The fifth step says that I admit to God, myself and another human being the exact nature of my wrongs. The words "exact nature" were not something that I had thought much about before tonight. When I did my first fifth step, I told my life story to my sponsor--both the good and the bad, with mostly the bad things dominating. I wanted this to be a confession. I wanted to beat myself up, just as I had been doing for most of my life. Never good enough, never fitting in, never being exactly right.
But my fifth step turned out to be an admission, followed by acceptance that I wasn't as bad as I had thought. And there was nothing judgmental from my sponsor as he listened to me. I'm not sure that I differentiated at the time the things that I did from the underlying reasons that I did those things. I believe that the "exact nature" refers to the causes or reasons that I make up in my mind for why I do what I do. It is not justifying my behavior or making excuses for the things that keep me stuck in self-defeating behaviors. Instead, it's about awareness.
I think that it takes honesty, willingness, courage, open-mindedness and humility to look at oneself and understand the "exact nature of our wrongs". Being aware that fear of rejection has been a huge factor in my life has made me change my reactions when dealing with others.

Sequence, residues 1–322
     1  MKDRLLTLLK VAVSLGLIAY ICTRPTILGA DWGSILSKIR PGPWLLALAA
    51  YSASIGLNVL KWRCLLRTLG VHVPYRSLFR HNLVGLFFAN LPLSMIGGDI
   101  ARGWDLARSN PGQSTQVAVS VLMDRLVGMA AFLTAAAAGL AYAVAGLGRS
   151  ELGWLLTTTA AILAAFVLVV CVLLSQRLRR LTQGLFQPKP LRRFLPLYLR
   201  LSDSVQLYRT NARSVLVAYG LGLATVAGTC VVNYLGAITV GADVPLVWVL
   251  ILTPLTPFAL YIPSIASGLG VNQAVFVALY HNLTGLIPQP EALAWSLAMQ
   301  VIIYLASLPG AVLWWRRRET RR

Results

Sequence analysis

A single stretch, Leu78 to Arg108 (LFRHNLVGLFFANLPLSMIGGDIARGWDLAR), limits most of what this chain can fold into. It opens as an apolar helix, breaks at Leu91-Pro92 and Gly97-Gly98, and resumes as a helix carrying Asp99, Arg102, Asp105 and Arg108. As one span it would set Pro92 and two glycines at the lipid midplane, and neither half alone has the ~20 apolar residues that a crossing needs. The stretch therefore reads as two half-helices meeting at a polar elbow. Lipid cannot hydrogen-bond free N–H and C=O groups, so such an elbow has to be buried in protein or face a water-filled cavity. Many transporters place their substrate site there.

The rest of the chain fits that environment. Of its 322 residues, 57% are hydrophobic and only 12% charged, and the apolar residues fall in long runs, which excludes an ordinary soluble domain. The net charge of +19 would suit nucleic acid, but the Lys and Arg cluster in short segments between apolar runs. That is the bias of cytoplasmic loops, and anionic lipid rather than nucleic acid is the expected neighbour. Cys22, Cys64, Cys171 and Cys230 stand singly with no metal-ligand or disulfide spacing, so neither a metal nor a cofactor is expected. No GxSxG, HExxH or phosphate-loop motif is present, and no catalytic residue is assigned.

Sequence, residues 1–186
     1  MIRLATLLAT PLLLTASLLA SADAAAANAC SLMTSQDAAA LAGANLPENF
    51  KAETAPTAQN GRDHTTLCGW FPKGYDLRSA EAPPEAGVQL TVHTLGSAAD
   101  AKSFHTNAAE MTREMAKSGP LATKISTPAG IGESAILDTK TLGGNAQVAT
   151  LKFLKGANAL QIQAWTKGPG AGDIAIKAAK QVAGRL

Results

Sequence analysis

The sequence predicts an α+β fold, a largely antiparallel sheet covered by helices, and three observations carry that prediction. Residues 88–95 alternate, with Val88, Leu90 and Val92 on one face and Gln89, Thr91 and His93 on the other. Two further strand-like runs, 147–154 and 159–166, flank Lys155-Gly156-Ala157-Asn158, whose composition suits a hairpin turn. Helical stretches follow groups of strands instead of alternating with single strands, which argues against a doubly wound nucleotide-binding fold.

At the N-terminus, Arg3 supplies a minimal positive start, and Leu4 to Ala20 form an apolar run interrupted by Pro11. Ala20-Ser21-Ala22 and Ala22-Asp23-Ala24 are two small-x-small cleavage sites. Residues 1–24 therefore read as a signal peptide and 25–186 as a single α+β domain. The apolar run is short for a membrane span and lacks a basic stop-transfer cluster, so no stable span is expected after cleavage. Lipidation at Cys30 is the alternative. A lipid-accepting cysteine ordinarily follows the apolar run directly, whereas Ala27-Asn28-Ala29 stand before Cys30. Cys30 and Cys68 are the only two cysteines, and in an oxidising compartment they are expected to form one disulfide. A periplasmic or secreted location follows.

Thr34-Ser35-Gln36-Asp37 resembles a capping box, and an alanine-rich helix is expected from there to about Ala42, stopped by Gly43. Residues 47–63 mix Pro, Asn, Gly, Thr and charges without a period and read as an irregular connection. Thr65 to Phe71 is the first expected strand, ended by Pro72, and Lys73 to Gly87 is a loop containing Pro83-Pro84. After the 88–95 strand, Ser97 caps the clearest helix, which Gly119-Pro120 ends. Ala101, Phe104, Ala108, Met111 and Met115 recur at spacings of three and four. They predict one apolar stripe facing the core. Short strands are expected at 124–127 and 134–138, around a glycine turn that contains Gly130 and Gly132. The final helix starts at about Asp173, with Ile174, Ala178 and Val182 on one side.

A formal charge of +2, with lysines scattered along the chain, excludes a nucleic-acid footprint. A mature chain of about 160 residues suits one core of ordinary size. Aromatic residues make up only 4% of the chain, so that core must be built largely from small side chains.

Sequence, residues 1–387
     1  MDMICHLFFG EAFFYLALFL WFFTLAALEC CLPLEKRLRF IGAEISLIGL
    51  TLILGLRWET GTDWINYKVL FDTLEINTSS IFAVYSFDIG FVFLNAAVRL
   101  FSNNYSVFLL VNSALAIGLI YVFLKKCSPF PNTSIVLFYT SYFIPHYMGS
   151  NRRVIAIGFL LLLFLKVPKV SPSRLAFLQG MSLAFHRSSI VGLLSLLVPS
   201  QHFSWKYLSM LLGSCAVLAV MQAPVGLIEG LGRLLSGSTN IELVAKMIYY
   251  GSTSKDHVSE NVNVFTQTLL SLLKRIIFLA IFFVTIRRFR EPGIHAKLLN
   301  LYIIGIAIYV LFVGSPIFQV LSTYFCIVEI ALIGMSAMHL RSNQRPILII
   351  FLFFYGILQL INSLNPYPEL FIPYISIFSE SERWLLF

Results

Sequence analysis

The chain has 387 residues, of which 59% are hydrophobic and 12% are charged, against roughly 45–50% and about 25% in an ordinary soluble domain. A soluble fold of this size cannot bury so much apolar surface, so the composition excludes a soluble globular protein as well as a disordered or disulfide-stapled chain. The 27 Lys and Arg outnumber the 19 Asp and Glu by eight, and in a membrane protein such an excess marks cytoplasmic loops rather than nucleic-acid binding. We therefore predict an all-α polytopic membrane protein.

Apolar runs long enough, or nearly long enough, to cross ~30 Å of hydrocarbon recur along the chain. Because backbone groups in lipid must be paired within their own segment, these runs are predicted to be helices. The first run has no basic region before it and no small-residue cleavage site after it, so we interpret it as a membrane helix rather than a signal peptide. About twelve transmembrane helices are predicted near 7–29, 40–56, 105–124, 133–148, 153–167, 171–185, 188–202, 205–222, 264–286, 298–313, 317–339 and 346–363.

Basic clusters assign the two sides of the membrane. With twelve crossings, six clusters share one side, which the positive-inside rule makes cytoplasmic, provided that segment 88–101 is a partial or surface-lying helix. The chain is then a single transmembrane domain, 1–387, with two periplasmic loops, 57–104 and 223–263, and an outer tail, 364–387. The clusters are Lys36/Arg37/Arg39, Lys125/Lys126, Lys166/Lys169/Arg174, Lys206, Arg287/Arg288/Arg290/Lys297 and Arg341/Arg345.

I understand that I was programmed from an early age to feel rejection. I don't need to beat myself up over that. I do know that it has colored a lot of how I view others and deal with relationships. So that tells me that I need to try some different dynamic in dealing with others. I don't need to keep doing what didn't work.
But I was also programmed to be willing, to listen and to be open-minded in my dealings with others. Those are things that are innate to my nature. And by being aware of them, I have been able to find acceptance for myself and those with whom I interact, and to take actions that are helping me find solutions to every day problems that arise.
“We are all a volume on a shelf of a library, a story unto ourselves, never possibly described with one word or even very accurately with thousands. A person is never as quiet or unrestrained as they seem, or as bad or good, as vulnerable or as strong, as sweet or as fiesty; we are thickly layered, page upon lying page, behind simple covers. And love - it is not the book itself, but the binding. It can rip us apart or hold us together.” ~ Deb Caletti